|USS R-19 (SS-96)|
|Ordered:||29 August 1916|
|Builder:||Union Iron Works, San Francisco, California|
|Laid down:||23 June 1917|
|Launched:||28 January 1918|
|Sponsored by:||Mrs. Robert L. Irvine|
|Commissioned:||7 October 1918|
|Decommissioned:||15 May 1931|
|Recommissioned:||6 January 1941|
|Decommissioned:||9 March 1942|
|Reclassified:||From "Submarine Number 96" to SS-96, July 1920|
|Fate:||Transferred to Royal Navy, 9 March 1942|
|Acquired:||9 March 1942|
|Fate:||Sunk, 21 June 1942|
|Type:||R class submarine|
569 long tons (578 t) surfaced|
680 long tons (691 t) submerged
|Length:||186 ft 2 in (56.74 m)|
|Beam:||18 ft (5.5 m)|
|Draft:||14 ft 6 in (4.42 m)|
880 hp (656 kW) diesel engines
934 hp (696 kW) electric motors
13.5 knots (25.0 km/h; 15.5 mph) surfaced|
10.5 knots (19.4 km/h; 12.1 mph) submerged
3,700 nmi (6,900 km) at 10 kn (19 km/h; 12 mph) surfaced|
100 nmi (190 km) at 10 kn (19 km/h; 12 mph) submerged
|Complement:||2 officers, 27 men|
• 4 × 21 in (533 mm) bow torpedo tubes, 8 torpedoes|
• 1 × 3"/50 caliber gun
Construction and commissioning
R-19's keel was laid down by the Union Iron Works of San Francisco on 23 June 1917. She was launched on 28 January 1918 sponsored by Mrs. Robert L. Irvine, and commissioned on 7 October 1918 with Lieutenant Commander William F. Callaway in command.
After commissioning, which was one month before the Armistice with Germany ending World War I took effect, R-19 remained on the West Coast of the United States for nine months at San Pedro, California until March 1919, and then at San Francisco, undergoing overhaul, until June 1919. On 17 June 1919 R-19 left the United States for the Territory of Hawaii. Eight days later she reached Pearl Harbor in Hawaii and began almost 12 years of training submarine crews and testing equipment.
During July 1920 the hull classification symbol of R-19 was changed from "Submarine Number 96" to "SS-96."
On 12 December 1930, R-19 left Pearl Harbor for the Philadelphia Navy Yard at Philadelphia, Pennsylvania. En route she called at San Diego; voyaged south to the Panama Canal Zone; negotiated the Panama Canal; then voyaged north through the Caribbean Sea and the coastal waters of the US East Coast; and, finally, up Delaware Bay and the Delaware River to Philadelphia.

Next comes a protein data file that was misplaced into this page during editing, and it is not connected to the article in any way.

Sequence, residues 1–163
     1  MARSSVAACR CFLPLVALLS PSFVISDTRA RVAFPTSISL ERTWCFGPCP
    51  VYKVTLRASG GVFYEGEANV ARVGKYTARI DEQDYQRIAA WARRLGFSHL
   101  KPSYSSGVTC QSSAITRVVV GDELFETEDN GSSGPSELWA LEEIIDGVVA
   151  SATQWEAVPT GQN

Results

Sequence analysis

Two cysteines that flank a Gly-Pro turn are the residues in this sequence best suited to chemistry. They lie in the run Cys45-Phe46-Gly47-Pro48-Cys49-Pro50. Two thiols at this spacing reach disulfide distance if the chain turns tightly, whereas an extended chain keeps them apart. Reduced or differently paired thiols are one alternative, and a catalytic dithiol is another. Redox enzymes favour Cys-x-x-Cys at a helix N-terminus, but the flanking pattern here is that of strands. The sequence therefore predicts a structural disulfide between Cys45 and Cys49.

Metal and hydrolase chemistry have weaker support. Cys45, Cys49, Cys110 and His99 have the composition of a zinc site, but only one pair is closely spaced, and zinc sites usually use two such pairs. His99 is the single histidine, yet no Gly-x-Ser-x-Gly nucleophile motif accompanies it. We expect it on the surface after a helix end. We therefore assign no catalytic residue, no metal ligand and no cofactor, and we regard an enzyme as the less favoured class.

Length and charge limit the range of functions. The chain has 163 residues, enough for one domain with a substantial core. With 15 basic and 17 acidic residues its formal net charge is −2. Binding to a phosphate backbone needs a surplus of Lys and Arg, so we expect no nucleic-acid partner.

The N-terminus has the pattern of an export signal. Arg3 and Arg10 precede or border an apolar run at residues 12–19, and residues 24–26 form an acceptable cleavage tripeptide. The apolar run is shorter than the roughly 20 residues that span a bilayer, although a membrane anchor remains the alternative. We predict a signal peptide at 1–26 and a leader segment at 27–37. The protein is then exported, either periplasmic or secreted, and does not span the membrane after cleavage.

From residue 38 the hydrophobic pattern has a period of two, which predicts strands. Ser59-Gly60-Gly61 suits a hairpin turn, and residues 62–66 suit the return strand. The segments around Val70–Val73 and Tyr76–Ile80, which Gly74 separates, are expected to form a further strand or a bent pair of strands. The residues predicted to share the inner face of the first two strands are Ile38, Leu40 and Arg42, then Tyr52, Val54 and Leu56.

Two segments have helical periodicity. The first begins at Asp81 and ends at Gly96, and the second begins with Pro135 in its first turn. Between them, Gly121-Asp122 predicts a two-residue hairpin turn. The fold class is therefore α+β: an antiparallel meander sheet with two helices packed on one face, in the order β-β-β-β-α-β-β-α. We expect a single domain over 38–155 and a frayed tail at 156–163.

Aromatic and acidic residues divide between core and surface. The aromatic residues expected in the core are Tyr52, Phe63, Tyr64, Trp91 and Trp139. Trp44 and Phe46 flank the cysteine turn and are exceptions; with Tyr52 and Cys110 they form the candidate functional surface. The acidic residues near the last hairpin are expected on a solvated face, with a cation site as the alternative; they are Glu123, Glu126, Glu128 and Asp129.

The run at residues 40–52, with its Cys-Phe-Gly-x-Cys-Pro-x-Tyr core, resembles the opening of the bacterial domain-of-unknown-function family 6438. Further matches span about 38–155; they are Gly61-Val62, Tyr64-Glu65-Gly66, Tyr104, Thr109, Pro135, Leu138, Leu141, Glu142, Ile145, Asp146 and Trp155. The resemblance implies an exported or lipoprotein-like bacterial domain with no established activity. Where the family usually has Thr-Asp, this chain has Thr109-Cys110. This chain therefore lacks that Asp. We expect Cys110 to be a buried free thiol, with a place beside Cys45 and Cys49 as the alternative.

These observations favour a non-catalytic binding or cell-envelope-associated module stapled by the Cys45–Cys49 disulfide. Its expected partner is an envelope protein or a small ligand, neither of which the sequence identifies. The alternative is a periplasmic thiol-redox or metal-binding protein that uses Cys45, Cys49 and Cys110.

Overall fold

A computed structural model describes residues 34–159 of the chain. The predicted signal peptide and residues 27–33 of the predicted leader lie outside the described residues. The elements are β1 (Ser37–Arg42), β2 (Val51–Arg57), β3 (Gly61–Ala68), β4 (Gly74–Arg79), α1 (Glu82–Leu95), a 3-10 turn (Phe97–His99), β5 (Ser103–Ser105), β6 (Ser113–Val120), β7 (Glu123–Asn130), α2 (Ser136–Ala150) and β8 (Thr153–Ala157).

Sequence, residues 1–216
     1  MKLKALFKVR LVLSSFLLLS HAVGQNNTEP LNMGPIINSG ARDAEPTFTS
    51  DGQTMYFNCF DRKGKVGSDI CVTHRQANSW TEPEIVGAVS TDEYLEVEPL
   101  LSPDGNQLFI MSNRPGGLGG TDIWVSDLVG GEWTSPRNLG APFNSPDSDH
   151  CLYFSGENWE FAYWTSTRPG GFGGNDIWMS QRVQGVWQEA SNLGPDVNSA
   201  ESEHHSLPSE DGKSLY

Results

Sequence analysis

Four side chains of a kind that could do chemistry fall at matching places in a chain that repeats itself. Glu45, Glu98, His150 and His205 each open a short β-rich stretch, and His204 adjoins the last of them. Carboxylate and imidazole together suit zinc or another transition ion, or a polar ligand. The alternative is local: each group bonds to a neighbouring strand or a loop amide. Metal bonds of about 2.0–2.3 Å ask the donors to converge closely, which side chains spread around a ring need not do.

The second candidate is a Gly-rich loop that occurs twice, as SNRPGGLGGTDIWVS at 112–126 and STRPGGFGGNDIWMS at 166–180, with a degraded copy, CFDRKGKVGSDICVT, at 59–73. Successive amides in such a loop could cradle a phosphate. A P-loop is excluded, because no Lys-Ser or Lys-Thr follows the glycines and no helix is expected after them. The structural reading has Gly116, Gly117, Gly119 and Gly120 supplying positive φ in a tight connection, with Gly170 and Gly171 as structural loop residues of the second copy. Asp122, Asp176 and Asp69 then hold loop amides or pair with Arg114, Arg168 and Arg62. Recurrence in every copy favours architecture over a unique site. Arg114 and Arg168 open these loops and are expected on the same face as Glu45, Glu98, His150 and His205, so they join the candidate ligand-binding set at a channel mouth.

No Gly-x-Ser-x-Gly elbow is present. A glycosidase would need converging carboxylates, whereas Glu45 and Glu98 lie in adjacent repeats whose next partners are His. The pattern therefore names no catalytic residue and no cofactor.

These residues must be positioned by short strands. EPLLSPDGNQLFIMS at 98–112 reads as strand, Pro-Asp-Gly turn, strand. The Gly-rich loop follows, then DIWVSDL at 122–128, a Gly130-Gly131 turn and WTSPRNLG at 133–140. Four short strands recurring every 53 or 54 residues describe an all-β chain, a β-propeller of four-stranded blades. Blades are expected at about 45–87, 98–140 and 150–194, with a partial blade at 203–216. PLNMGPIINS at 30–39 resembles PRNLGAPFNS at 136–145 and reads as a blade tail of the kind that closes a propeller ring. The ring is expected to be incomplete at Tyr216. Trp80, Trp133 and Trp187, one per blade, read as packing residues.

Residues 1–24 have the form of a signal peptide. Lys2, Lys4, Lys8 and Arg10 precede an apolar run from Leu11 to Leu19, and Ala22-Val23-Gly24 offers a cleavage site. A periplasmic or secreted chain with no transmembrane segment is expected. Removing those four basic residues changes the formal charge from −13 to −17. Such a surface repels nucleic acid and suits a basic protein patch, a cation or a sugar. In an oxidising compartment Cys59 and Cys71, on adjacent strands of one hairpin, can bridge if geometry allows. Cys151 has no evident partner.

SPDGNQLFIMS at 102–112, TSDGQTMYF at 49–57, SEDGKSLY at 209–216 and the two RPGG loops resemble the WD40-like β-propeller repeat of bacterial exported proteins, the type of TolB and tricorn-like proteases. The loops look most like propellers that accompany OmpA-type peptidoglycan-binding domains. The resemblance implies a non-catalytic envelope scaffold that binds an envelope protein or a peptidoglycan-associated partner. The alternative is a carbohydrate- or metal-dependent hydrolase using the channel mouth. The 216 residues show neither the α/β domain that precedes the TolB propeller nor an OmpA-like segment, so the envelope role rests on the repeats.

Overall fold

On 15 May 1931, R-19 was decommissioned at the Philadelphia Navy Yard and placed in the reserve fleet at that shipyard, where she remained berthed at League Island for the next nine years.
R-19 was recommissioned on 6 January 1941, then went to the United States Naval Submarine Base at Groton, Connecticut, where she was reconditioned. During May 1941, R-19 headed south. For the remainder of the spring, summer, and into the fall of 1941, she patrolled and conducted training exercises in the Virgin Islands and off the Panama Canal Zone. In October 1941, R-19 returned to Groton and continued her role as a training submarine.
On 9 March 1942, R-19 was decommissioned again.
In June 1942 she sailed for St. Johns, Newfoundland under the command of Lieutenant Walter Phillimore, RN. At 0300 on 21 June 1942, P.514 encountered a Royal Canadian Navy minesweeper, HMCS Georgian. Unaware of any friendly submarines in the area and receiving no reply to her challenge, Georgian rammed P.514, which sank with the loss of all hands.
A board of inquiry ruled that Georgian's commanding officer had acted correctly.
Lt. Phillimore's parents lived at Swinbrook, Oxfordshire, England. There is a memorial to P.514's officers and men in the Church of England parish church of St. Mary the Virgin in Swinbrook.
- Text of monument in the parish church of St Mary the Virgin, Swinbrook
- "Canadian Navy Background Information June". navy.forces.gc.ca. http://www.navy.forces.gc.ca/centennial/background/background_e.asp?category=70&title=193. Retrieved 2008-07-04.
- This article incorporates text from the public domain Dictionary of American Naval Fighting Ships. The entry can be found here.
- Photo gallery of USS R-19 at NavSource Naval History
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